Over the weekend, it was reported that renowned Columbian journalist Hollman Morris — one of 12 international journalists selected to participate in the prestigious Nieman fellowship program at Harvard University during the 2010–11 academic year — has been denied a visa by the State department. The U.S. embassy in Bogota informed him that he has been found permanently ineligible for a visa under the Immigration and Nationality Act.
Today, the ACLU, American Association of University Professors and PEN American Center sent a letter to Secretary of State Hillary Clinton to express alarm over this apparent incident of ideological exclusion — a practice under which foreign nationals are denied entry to the United States because the government does not agree with their political views.
Earlier this year, Secretary Clinton signed orders effectively lifting the exclusion of prominent scholars Adam Habib and Tariq Ramadan, who were excluded by the Bush administration. We had hoped that Secretary Clinton’s orders signaled a broader commitment to ending the practice of ideological exclusion, but the Hollman Morris case makes us wonder whether the practice has actually been retired.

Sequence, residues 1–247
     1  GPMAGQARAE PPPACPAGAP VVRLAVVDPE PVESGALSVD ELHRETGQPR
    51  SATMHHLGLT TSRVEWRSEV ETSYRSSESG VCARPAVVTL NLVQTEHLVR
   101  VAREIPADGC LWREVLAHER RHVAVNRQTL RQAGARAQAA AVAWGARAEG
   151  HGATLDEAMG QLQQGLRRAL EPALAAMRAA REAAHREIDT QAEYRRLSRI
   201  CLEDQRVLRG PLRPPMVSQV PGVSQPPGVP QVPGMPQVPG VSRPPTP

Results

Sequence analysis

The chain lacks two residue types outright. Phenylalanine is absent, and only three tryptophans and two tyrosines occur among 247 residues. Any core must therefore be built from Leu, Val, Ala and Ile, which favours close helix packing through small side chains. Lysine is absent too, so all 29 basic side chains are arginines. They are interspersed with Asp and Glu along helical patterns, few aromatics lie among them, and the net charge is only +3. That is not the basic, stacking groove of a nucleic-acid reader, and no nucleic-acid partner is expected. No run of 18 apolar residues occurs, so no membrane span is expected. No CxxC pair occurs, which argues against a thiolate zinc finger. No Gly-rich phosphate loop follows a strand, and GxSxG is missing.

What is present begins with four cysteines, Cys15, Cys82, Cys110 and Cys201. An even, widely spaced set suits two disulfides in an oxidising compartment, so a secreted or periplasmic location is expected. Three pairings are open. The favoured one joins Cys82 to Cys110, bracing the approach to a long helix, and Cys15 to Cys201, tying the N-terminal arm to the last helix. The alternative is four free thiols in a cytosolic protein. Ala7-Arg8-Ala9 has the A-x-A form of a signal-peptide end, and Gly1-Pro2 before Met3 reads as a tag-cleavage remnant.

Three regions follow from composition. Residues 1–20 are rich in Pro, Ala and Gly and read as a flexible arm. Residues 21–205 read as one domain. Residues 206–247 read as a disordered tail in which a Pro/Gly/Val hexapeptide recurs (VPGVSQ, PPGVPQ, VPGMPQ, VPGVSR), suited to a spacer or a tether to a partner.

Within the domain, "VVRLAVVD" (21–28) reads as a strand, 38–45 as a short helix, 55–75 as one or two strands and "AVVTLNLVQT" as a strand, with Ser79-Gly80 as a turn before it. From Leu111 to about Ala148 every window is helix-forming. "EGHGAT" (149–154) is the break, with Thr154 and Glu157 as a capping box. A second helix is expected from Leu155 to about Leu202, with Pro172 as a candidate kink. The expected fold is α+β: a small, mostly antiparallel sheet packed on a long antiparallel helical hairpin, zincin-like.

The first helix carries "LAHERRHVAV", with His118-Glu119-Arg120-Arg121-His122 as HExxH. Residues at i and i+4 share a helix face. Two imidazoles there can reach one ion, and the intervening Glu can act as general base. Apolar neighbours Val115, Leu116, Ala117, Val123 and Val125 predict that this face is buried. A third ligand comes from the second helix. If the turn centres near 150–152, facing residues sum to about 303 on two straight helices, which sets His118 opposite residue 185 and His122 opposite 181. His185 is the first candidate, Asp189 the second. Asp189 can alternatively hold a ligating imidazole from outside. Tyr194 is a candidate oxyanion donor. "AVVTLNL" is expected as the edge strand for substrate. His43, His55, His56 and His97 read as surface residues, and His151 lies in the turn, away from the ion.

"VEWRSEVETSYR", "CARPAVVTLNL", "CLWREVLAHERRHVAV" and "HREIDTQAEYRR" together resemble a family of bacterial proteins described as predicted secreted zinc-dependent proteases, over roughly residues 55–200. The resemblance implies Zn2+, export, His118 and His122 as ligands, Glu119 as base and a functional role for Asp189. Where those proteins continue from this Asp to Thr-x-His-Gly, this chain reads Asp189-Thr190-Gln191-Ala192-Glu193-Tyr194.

The letter we sent today states:
No legitimate interest is served by the exclusion of foreign nationals on ideological grounds. Ideological exclusion impoverishes intellectual inquiry and debate in the United States, suggests to the world that our country is more interested in silencing than engaging its critics, and undermines our ability to support dissent in politically repressive nations.
Yesterday, Alex Gibney, Academy Award-winning director of Taxi to the Dark Side, re-released this short video about Morris's work. Gibney writes in The Atlantic: "What kind of message is the Obama administration sending? Work for human rights and you are not welcome here?"
Join us in standing up for the First Amendment: Tell Secretary Clinton to end the practice of ideological exclusion once and for all.